Visiting an Iban Longhouse

How to Stay in a Traditional Longhouse in Sarawak, Borneo

Newly built longhouse in Batu Bungan to resettle Iban nomadic tribespeople.
••• Anders Blomqvist/Lonely Planet Images/Getty Images

Perhaps one of the most unique experiences in Borneo, a visit to an Iban longhouse in Sarawak is an unforgettable adventure that provides a rare glimpse into the daily lives of indigenous people.

Once you've explored Kuching and some of Sarawak's great national parks, consider making arrangements to visit or stay in an Iban longhouse -- the farther from the city the better. Enjoy a chance to interact with a fading culture and people who once prided themselves for the number of human heads collected!

What to Expect in the Longhouse

Longhouses differ in size and are home to many families living together under one roof. Don't worry too much about an excessive amount of attention; the Iban people can be shy but offer a very warm welcome to outsiders.

After introductions and dinner, you'll be given a small performance of local dance and music -- expect an invitation to join in so that all can have a laugh. You'll be shown around the longhouse and given small demonstrations of daily life. The evening usually brings tuak -- the local rice whiskey -- and as much revelry as you can handle until finally sleeping on a provided mattress with mosquito net.

The next morning may include a short hike into the jungle, a tour of their garden, and a chance to learn how to shoot the blowpipe gun.

Even many remote longhouses are now equipped with Western-style toilets located outside rather than the typical squat toilet.

You'll have a chance to shower and clean up in the evening. Remote longhouses may sparingly use generator electricity or just kerosene lamps for lighting.

Finding an Iban Longhouse

Longhouse stays are a mixed bag. The farther you get from the city, the more authentic of an experience that you will enjoy.

If staying in a longhouse only an hour or two from Kuching, don't be surprised to see satellite television and a semi-modern lifestyle. If you have the time, put in the extra effort to visit a remote longhouse for the 'real deal' rather than a tourist-oriented experience. The more authentic longhouses are inaccessible by road and require travel by small canoe to reach.

Even if you could find one, turning up unexpected at an Iban longhouse is really bad form and you could be turned away. Try contacting the Sarawak Tourism Board to make arrangements; indicate your interest in seeing a remote longhouse rather than one close to the city. You can also get in touch with Diethelm Travel -- they have exclusive access to a remote longhouse around six hours from Kuching.

If you intend to go further afield, make your booking at least two days in advance so that the longhouse has time to receive word of your arrival -- they are typically out of range for phones.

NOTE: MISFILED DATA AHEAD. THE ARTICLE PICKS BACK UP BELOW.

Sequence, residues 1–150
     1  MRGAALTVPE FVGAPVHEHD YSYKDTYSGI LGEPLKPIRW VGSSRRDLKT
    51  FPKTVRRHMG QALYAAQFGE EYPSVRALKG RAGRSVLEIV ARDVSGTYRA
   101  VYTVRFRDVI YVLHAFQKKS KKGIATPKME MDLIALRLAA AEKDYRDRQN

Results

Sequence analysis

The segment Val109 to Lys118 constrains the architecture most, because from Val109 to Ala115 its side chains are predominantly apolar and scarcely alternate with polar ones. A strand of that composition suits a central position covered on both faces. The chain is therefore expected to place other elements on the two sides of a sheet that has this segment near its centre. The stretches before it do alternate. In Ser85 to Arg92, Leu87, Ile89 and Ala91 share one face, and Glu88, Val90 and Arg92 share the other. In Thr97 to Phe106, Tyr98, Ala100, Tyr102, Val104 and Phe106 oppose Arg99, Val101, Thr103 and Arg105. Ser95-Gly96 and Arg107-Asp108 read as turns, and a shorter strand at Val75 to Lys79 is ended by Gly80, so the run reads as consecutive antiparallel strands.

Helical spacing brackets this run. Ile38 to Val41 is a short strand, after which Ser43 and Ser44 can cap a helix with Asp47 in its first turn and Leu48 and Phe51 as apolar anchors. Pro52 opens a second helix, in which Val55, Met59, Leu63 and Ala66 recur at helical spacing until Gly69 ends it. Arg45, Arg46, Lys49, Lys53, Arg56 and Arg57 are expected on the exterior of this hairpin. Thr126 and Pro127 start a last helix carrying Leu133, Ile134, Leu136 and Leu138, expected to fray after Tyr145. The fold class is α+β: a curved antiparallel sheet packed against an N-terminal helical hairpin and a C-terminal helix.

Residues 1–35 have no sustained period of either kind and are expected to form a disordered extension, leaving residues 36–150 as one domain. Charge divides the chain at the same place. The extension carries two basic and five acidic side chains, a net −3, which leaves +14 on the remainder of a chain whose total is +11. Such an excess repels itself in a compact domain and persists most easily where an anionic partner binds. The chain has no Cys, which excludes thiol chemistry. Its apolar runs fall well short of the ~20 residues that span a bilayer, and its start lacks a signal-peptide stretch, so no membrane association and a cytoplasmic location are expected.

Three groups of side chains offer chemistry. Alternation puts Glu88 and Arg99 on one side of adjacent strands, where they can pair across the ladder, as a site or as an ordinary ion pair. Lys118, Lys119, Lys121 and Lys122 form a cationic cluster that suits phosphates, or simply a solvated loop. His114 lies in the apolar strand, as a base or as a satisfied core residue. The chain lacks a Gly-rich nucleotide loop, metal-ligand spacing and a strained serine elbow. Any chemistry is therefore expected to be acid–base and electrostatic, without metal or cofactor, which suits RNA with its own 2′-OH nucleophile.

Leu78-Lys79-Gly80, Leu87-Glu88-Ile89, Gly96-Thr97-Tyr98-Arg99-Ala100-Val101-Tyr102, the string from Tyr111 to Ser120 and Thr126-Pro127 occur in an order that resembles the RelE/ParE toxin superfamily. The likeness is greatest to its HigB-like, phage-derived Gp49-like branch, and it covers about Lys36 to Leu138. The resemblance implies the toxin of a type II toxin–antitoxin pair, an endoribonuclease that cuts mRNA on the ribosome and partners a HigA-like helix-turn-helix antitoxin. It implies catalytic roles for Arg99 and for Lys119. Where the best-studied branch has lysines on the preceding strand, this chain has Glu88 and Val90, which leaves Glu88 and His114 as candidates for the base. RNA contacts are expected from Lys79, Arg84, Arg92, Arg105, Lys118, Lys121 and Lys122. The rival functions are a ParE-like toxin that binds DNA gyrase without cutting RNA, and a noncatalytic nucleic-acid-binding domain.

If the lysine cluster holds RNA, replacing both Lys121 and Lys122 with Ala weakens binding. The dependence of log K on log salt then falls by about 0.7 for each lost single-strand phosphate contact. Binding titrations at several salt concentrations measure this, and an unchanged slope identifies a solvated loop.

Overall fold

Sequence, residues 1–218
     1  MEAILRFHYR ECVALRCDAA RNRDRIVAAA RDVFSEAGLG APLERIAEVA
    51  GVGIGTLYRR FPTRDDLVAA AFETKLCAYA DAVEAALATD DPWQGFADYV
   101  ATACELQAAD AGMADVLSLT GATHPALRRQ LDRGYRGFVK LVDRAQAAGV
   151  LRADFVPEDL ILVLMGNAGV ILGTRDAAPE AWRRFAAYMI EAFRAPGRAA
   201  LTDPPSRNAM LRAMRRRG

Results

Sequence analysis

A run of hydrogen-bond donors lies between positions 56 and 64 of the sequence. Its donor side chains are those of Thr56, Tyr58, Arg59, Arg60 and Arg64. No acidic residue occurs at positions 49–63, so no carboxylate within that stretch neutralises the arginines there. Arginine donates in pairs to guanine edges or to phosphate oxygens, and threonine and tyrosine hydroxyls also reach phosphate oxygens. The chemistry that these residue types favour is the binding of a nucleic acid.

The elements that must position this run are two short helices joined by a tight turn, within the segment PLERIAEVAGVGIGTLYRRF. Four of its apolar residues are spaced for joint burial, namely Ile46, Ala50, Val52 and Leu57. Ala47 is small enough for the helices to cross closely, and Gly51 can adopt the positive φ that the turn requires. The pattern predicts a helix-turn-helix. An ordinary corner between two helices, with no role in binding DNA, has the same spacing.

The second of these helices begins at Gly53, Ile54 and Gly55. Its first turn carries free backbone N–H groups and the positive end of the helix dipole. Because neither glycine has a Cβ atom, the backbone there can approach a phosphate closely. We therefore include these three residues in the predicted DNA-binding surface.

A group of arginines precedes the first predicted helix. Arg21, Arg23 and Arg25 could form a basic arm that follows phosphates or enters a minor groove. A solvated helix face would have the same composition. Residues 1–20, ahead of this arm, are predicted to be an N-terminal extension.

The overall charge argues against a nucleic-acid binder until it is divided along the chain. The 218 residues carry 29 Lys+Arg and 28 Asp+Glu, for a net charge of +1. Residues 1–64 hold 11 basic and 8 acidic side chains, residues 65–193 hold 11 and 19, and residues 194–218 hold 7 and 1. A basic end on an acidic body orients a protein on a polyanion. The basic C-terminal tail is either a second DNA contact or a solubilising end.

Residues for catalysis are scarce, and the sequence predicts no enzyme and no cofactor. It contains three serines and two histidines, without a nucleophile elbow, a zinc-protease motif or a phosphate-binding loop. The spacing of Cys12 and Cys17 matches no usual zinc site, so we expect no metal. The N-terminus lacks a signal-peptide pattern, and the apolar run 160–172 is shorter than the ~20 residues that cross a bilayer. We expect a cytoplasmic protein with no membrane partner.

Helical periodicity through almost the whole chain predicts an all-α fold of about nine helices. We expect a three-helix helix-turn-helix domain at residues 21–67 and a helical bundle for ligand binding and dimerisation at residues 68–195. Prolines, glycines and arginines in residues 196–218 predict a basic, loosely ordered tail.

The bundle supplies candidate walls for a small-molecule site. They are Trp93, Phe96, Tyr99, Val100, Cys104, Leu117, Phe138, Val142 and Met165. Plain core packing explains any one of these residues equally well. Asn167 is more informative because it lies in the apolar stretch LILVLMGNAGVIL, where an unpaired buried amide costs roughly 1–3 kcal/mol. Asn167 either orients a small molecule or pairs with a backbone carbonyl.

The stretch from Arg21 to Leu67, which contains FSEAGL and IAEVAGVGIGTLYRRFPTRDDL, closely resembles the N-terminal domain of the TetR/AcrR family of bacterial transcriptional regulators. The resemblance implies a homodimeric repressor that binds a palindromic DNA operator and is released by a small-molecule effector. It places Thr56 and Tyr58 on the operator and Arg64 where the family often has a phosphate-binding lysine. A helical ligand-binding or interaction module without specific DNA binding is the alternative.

The Longhouse Chief

While it is now possible for the leader of a longhouse to be a woman, you'll typically encounter a man who has been elected as the leader of the longhouse. The chief is boss and he or she has the final say in all matters, including your stay.

Always let the chief eat and drink first -- show utmost respect; avoid standing over him and don't refuse if he offers for you to sit, eat, or drink.

You can refer to the chief as simply 'chief' or bapa in Bahasa Malay to recognize his title. Don't be nervous: the chief is usually a friendly guy and the longhouse would not be open to visitors if he did not want you there to share in the local culture!

Bringing Gifts

While not officially required, just as throughout the rest of the world, you can boost your welcome by bringing a bottle of spirits or some small gifts. Forget trinkets or souvenirs; the longhouse families need practical items that can be shared and enjoyed by all.

Your guide can best instruct you as to what to bring and you'll have an opportunity on the way to the longhouse to purchase gifts.

Consider buying a large pack of candy or snacks for children and a bottle of alcohol for the chief.

Tips for Visiting an Iban Longhouse

  • Mosquitoes are a real problem outside of the longhouses, however, inexplicably you won't be bothered much by them inside. Regardless, use plenty of mosquito repellent as dengue fever is a growing problem throughout Southeast Asia. See some tips for avoiding mosquito bites.
  • Longhouse members share close contact and their immune systems have adapted. You'll be sharing drinking glasses and eating utensils with many people. Avoid visiting an Iban longhouse if you are sick or could potentially introduce a germ that would spread through the families.
  • Only a few members of the longhouse may speak English. Rely on your guide and you can learn a little Bahasa Malay for a few smiles before you go. See how to say hello in Malay.

Dos and Don'ts in an Iban Longhouse

  • Always remove your shoes before entering the common area of the longhouse; you can leave them outside on the deck.
  • Present your gifts to the chief and he will distribute them among the families staying there. Never give individual children items such as pens or candy that may cause a dispute later.
  • You can take pictures inside of the longhouse, however, avoid photographing babies or women in sarongs. Always ask permission first. See 10 tips for travel photography.
  • While everyone has their limits, you should accept good-natured offerings of food and drinks from as many people as possible to avoid causing potential offense.
  • Men can remove their shirts while inside of the longhouse.


As is common in the travel industry, the writer was provided with a complimentary longhouse stay for the purpose of reviewing those services. While it has not influenced this review, believes in full disclosure of all potential conflicts of interest. For more information, see ourĀ Ethics Policy.